Language Selection

English French German Italian Portuguese Spanish

Linux supercomputing arrives for the masses

Filed under
Linux

Silicon Graphics (SGI) today claimed that it could bring Linux-based supercomputing to the masses with the launch of its cheapest ever scalable rack-mounted servers and storage systems.

The 1U SGI Altix 330 rack-mount Linux server has a quoted US entry price of under $7,000. It is accompanied by SGI's InfiniteStorage S330 storage array that is "priced for a workgroup" with an entry point of $12,599, less than half the price of previous SGI storage offerings.

"SGI systems has traditionally sold into higher-end segments of the technical server markets, and with what many users view as a price premium for additional capabilities," said Earl Joseph, vice president of technical computer systems at IDC.

"By moving a version of its supercomputer-class technology into systems that fall squarely in the mid-range workgroup category, SGI is demonstrating that differentiation is not only possible in the commodity space, but can be intriguing to users who need far more than a low-cost solution."

The SGI Altix 330 features the same high-bandwidth SGI NUMAflex shared memory architecture, its fast SGI NUMAlink interconnect (6.4Gbps bi-directional) and high-availability data management capabilities as the Altix systems that power SGI's high end supercomputers.

The "pizza box" form factor allows users to stack up to 17 servers into a standard 17U rack and up to 39 servers into a standard 39U rack.

Running either Novell's SuSE Linux Enterprise Server or Red Hat Enterprise Linux implementations, the 330 systems can be equipped with one or two Intel Itanium 2 processors running at 1.3GHz to 1.6GHz, on-chip cache ranging from 3MB to 6MB, and up to 16GB of system memory.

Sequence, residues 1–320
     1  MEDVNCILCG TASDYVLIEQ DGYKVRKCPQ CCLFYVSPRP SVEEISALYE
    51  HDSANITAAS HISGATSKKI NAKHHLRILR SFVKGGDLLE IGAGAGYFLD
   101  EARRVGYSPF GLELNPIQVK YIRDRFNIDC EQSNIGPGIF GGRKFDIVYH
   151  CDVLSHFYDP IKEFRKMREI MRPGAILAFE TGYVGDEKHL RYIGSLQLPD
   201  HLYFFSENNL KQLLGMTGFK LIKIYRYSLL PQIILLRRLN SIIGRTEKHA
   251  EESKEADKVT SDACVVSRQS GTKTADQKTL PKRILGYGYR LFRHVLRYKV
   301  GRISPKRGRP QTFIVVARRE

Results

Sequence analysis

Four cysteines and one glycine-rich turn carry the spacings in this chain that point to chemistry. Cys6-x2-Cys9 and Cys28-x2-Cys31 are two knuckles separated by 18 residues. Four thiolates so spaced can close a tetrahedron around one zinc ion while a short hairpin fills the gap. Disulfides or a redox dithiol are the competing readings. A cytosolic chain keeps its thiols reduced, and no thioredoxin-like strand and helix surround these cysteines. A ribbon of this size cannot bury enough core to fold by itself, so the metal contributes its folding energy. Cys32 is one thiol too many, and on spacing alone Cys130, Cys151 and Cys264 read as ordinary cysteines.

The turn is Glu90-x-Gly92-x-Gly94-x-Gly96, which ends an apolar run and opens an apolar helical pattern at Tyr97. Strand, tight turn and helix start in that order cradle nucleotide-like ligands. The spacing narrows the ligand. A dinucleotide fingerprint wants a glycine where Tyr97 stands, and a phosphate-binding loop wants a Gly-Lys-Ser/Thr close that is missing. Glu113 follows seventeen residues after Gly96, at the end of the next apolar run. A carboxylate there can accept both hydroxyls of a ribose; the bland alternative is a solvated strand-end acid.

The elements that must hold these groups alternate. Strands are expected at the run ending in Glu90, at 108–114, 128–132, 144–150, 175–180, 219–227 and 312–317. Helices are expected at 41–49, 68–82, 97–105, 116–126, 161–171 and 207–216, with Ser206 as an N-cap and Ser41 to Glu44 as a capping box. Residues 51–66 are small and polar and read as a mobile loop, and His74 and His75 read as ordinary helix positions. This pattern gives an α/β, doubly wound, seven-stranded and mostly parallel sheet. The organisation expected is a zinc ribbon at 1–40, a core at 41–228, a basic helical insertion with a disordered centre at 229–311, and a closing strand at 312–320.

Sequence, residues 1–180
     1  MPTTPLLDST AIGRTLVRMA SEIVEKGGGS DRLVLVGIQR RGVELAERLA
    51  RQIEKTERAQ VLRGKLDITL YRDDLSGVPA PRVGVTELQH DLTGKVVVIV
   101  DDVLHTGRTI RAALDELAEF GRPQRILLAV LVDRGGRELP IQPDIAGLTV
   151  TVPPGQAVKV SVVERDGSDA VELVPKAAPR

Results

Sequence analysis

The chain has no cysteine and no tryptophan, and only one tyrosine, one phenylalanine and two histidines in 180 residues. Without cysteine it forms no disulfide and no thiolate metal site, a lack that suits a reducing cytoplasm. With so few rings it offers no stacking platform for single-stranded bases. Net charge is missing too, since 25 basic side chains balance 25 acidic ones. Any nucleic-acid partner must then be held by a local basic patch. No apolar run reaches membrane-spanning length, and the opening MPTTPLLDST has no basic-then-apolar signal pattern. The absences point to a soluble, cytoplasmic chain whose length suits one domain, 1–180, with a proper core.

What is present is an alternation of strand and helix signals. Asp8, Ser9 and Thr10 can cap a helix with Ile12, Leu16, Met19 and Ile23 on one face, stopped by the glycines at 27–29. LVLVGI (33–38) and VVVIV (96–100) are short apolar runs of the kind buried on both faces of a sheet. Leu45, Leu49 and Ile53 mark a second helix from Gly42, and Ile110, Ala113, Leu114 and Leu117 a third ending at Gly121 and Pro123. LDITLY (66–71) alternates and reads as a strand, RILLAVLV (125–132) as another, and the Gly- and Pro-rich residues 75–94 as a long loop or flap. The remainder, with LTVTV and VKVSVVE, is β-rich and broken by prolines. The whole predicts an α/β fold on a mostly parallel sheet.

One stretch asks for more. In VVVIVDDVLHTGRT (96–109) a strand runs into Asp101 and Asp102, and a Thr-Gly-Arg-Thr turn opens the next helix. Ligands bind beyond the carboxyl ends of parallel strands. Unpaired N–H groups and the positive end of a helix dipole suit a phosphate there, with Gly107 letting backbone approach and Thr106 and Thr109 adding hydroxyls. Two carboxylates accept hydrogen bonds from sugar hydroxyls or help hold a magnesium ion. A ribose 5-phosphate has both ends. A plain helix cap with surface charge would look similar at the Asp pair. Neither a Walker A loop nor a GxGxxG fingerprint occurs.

The Altix 330 has the capability of scaling up to 16 processors with NUMAlink and up to 128GB of memory.

The S330 is designed to offer data transfer rates of up to 485Mbps for bandwidth-intensive applications such as video streaming and seismic processing, and to deliver efficient input/output performance for transactional applications such as databases and online transactions processing.

The array allows firms to store and manage from 2.8TB to more than 16TB of data in direct attached storage, network attached storage, or storage area network configurations.

"With so many customers moving to Linux and away from systems based on proprietary processor architectures, the time is right for SGI to broaden its market for Altix systems and InfiniteStorage solutions," said Warren Pratt, senior vice president at SGI.

"These solutions, packaged for today's cost-conscious customers, deliver the kind of performance that many customers felt was previously out of their reach. "

Source.

More in Tux Machines

Linux Kernel News

  • Windows 10 vs. Linux Radeon Software Performance, Including AMDGPU-PRO & RadeonSI
    As alluded to earlier and on Twitter, the past few days I have been working on a fresh Windows 10 vs. Ubuntu Linux graphics/gaming performance comparison. This time it's looking at the latest Radeon performance using an R9 Fury and RX 480. Tests on Windows were obviously done with Radeon Software Crimson Edition while under Linux were the two latest AMD/RTG Linux driver options: the hybrid AMDGPU-PRO driver and the fully open-source driver via Linux 4.8 and Mesa 12.1-dev.
  • Linux Kernel 3.10.103 LTS Has Lots of MIPS Improvements, Updated Radeon Drivers